Earlier this week, President Donald Trump held an Oval Office meeting with Russian officials to discuss the relationship between the former Cold War adversaries. Trump and representatives from Vladimir Putin’s government, though, are hardly the only political players focused on the bilateral relationship. Newly released federal records show that the firestorm of Russia controversy engulfing the Trump White House has coincided with a barrage of new Russia-focused lobbying in Washington by companies from the energy industry — and some Russian groups as well.

Disclosure forms reviewed by International Business Times show that in the first three months of 2017, major energy giants have been lobbying federal lawmakers not only on proposed sanctions that could directly affect those fossil fuel firms’ business operations, but also on bills that would investigate allegations that Russia interfered in the 2016 election.

GettyImages-681466714 Russian Foreign Minister Sergey Lavrov (L) and U.S. Secretary of State Rex Tillerson shake hands in the Treaty Room before heading into meetings at the State Department May 10, 2017 in Washington, D.C. Photo: Getty Images

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For instance, Exxon Mobil -- whose former longtime CEO is now Trump’s Secretary of State -- hired a lobbyist solely to lobby on the Counteracting Russian Hostilities Act, according to quarterly lobbying records covering January 1 to March 31 this year . During his confirmation hearings to lead the State department, Rex Tillerson faced questions about whether his relationship with Putin would present an inherent conflict of interest in his new role as America’s top diplomat.

Chevron, Centrus Energy Corp., and the Nuclear Energy Institute, Inc. also lobbied on bills related to Russia’s interference in last year’s election.

Lobbying records do not show which legislators were lobbied, nor do they show the position the company took on any given bill. But the records reveal how actively the energy sector is concerned about possible government action against Russia.

 

Energy companies have lobbied lawmakers on the “ Counteracting Russian Hostilities Act of 2017,” which would impose sanctions on Russia for interfering in last year’s elections; Senate bill 27, which would establish an independent “ Commission to End Russian Interference in United States Elections”; and the “ Russia Sanction Review Act of 2017,” which would insert Congress in any decision to reduce or eliminate sanctions against Russia. The first two bills were introduced by Maryland Sen. Ben Cardin, a Democrat. The Russia Sanctions Review Act of 2017 was introduced by South Carolina Sen. Lindsey Graham, a Republican.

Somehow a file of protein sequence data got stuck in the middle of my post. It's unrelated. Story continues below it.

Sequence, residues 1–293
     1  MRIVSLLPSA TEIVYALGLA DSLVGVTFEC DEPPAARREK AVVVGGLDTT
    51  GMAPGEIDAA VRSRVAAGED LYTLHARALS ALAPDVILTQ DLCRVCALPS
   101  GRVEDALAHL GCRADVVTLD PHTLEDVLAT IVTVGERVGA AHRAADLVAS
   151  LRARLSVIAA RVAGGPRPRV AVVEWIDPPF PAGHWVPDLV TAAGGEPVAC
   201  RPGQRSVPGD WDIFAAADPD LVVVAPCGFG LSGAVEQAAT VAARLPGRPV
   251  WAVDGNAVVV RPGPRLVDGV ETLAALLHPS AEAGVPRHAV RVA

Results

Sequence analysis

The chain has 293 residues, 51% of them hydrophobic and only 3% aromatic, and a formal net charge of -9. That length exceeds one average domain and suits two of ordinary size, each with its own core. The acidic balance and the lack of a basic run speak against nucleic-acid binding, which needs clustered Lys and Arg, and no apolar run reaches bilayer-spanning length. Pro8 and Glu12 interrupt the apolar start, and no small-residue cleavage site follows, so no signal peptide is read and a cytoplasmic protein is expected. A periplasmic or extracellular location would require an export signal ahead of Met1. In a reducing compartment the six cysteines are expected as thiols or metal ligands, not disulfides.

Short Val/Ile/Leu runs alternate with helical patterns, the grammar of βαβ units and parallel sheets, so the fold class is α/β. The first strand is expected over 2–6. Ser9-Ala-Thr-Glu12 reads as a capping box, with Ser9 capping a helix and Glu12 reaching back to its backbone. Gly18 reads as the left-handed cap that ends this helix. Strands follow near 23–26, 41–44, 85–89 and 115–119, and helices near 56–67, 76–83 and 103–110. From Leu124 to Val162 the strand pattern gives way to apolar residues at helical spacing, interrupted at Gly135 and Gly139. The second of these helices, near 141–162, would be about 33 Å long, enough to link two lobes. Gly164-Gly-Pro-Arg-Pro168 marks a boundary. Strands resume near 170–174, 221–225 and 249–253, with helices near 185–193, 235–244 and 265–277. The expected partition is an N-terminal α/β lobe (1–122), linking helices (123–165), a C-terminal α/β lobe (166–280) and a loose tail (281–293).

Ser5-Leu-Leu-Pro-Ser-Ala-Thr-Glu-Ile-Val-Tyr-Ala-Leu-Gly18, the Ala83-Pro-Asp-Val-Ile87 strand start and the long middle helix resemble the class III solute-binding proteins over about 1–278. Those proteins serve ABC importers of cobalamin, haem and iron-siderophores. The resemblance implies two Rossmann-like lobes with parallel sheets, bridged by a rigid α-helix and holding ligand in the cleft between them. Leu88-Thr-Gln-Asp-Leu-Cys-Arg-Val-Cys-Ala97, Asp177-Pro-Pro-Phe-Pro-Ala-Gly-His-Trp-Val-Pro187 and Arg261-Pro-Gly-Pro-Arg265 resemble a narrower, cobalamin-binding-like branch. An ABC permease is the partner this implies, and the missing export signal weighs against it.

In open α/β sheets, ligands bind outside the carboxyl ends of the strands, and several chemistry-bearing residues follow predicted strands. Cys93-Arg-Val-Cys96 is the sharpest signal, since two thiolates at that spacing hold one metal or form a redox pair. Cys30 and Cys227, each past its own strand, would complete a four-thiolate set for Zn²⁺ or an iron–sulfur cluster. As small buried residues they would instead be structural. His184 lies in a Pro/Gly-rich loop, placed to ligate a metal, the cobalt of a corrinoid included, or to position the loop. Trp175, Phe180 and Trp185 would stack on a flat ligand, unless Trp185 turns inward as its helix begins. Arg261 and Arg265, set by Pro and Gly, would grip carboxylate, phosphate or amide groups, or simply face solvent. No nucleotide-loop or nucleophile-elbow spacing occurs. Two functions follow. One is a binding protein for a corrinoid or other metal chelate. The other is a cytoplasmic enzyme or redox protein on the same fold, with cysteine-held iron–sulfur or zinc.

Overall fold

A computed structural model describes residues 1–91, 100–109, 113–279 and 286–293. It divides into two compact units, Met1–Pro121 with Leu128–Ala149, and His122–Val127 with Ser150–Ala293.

Chevron lobbied both the House and the Senate on the Counteracting Russian Hostilities Act and the Russia Sanctions Review Act, records show. Centrus Energy Corp, which is led by Daniel Poneman, who served as the Deputy Secretary of Energy in the Obama administration from 2009 to 2014, lobbied on the Counteracting Russian Hostilities Act. Centrus, which enriches uranium for the nuclear industry, was formerly known as United States Enrichment Corp. before it emerged from bankruptcy in 2014.

 

The Nuclear Energy Institute, Inc., the nuclear energy industry’s advocacy group, lobbied on the Counteracting Russian Hostilities Act, as well as another bill, HR 1182, that would increase U.S. defense capabilities in response to Russia’s alleged noncompliance with the 1987 Intermediate-Range Nuclear Forces (INF) Treaty.

Ecolab, which describes itself as a “leader in water, hygiene and energy technologies and services that protect people and vital resources,” hired a lobbyist to lobby the House and Senate specifically on “issues related to international sanctions legislation specifically including Russia Sanctions,” as well as the Counteracting Russian Hostilities Act and the Russia Sanctions Review Act. Ecolab’s 2016 annual report shows the company has two joint energy ventures in Russia, one with Kogalym Chemicals Plant LLC, and the other with CJSC Nalco Element JV.

Energy companies weren’t the only corporations to lobby lawmakers on Russia issues. Janus Global Operations, a security and risk management company that provides protection and support services for clients in the energy industry, also lobbied the Senate, House and State Department on “Russia sanctions,” according to lobbying records. Citigroup hired three lobbyists to lobby the House and Senate on “Russian Sanctions Issues.”

Russian groups also hired lobbyists to work the Capitol in the first quarter of 2017. The Russian government owns 60.9 percent of the voting shares of VTB Bank, one of Russia’s largest banks, which hired a lobbyist to lobby the Senate and House on “Congressional or Executive Branch actions that affect the imposition of U.S. sanctions on international financial institutions affiliated with Russia.”

Yamal LNG, a Russian gas liquefaction plant funded by Russian and Chinese banks, hired three lobbyists to work on sanctions implemented in 2014 in response to the Russian annexation of Ukraine, as well as “credit financing” and “global energy markets” issues.

Russian state-owned bank Sberbank hired a lobbyist in January, and filings show the lobbyist has lobbied the Senate, House and State Department on “clarifying the scope of sanctions” and “assessing possible ways to address sanctions.” Last year, Sberbank hired the Podesta Group to lobby on the same issues. Podesta Group was founded by Clinton campaign manager John Podesta and his brother Tony.